It’s unusual for antiquated pipes and electric wiring to be a cause for cheer. However, that’ll be the case for art lovers over the next 14 months, as re-servicing works at Buckingham Palace mean that masterpieces normally hanging in the Picture Gallery have had to find a new home.
The upshot is an exhibition of 65 paintings – by the likes of Titian, Rubens and Canaletto – held around the corner from the palace, in the Queen’s Gallery. “It’s a one-off chance to put on public view works that are ordinarily kept in the privacy of the palace,” says Desmond Shawe‑Taylor, Surveyor of the Queen’s Pictures.
He meets me at the gallery, where he’s putting the finishing touches to the exhibition. Though better acquainted with these works than anybody on Earth (barring perhaps the Queen herself), Shawe-Taylor can barely walk past a single one of them without slowing to revel in the brushstrokes of Frans Hals or the haze effect in a Claude.
People might have been able to see these pictures as part of Buckingham Palace’s “summer opening” each year, but the new show offers something superior.
“The Picture Gallery is one of 19 State Rooms to walk through. It’s sumptuously decorated, with the paintings double-stacked on the walls. They almost get lost there.”
As an employee of the Royal Household, Shawe-Taylor, 65, isn’t really allowed to give interviews, so he is speaking to me solely as the show’s curator. Alas, that does mean that certain topics – such as his thoughts on The Crown – are off limits.
However, he’s happy to engage on perhaps the hottest topic in museums and galleries today: whether historic collections should be contextualised (or even broken up) in light of a past owner’s links to slavery. “It’s something that has to be done sensitively and intelligently over a long term,” he says. “What I disagree with is the idea of policing yourself at every turn – of endlessly wagging your finger at how bad attitudes were 200 or 300 years ago. That’s not helpful – and frankly a bit dull.”
The Royal Collection doesn’t have such obviously colonial roots as, say, the British Museum, which recently unveiled a display about its founder Sir Hans Sloane’s slave-owning background. Shawe-Taylor – who, with a team of 18, cares for the 7,500 paintings in the Royal Collection – made his first concession to the new era in July. At Windsor Castle, the label for a portrait of the Waterloo hero, Sir Thomas Picton, has been rewritten to mention his “punitive administration of Trinidad and his subjects’ enforced adherence to strict penal codes” during his governorship of the island from 1797 to 1803. “Picton’s portrait is in the collection precisely because he died valiantly at Waterloo,” says Shawe-Taylor.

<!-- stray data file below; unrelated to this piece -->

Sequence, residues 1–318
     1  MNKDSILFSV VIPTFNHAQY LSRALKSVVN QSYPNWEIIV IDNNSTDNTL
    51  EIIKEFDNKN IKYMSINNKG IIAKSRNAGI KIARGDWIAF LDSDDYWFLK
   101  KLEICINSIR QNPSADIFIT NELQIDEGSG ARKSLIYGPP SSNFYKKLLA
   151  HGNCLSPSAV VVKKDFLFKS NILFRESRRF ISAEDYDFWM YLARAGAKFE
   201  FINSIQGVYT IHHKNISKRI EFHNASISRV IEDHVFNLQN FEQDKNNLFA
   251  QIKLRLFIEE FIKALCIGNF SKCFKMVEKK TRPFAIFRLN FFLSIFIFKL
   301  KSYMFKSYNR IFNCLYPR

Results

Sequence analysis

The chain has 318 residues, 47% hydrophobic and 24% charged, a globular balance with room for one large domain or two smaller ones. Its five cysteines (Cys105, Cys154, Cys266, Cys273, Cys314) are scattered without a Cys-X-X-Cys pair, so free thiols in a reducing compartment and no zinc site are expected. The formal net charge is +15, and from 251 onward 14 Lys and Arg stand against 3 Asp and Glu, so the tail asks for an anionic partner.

“It makes sense that labels have, until now, focused on that aspect. However, we realise that’s not good enough any more. A more complete look at him – and his past – is necessary.”
The Picture Gallery boasts what Shawe-Taylor calls “the greatest hits” of the Royal Collection. Alongside Vermeer’s The Music Lesson, the exhibition will include Guido Reni’s painting Cleopatra with the Asp (1628), depicting the eponymous queen’s snake-assisted suicide. I mention to Shawe-Taylor the furore last month when it was announced that the white actress, Gal Gadot, would play the ruler in a new film (the furore being that an African actress wasn’t cast).
How would he react if the PC brigade demanded Reni’s portrayal of a white Cleopatra be removed? “I’d say she was Greek and move on.”
The most famous predecessor in Shawe-Taylor’s job was Anthony Blunt, who held it between 1945 and 1972 – though his fame owes more to his parallel career as a spy. The role dates back to the reign of Charles I, the nation’s greatest art-collector king – closely followed by George IV.
Oliver Cromwell sold off most of Charles I’s art after the latter’s execution. Mercifully, George IV’s purchases didn’t meet the same fate – indeed, they make up more than half of the exhibition, among them Rembrandt’s magnificent double portrait, The Shipbuilder and his Wife: Jan Rijcksen & Griet Jans.
It’s of the Dutch East India Company’s chief shipbuilder, at work on plans in his study, when he’s interrupted by his spouse bearing what seems to her, if not him, an urgent message – and widely reported to be the Queen’s favourite painting. Is that true? “So I’m told, though I’ve never actually asked her,” Shawe-Taylor demurs. “If it is, it’s a very good choice.”
Masterpieces from Buckingham Palace is at the Queen’s Gallery, London SW1, from Dec 4 to Jan 31 2022; rct.uk 0303 123 7301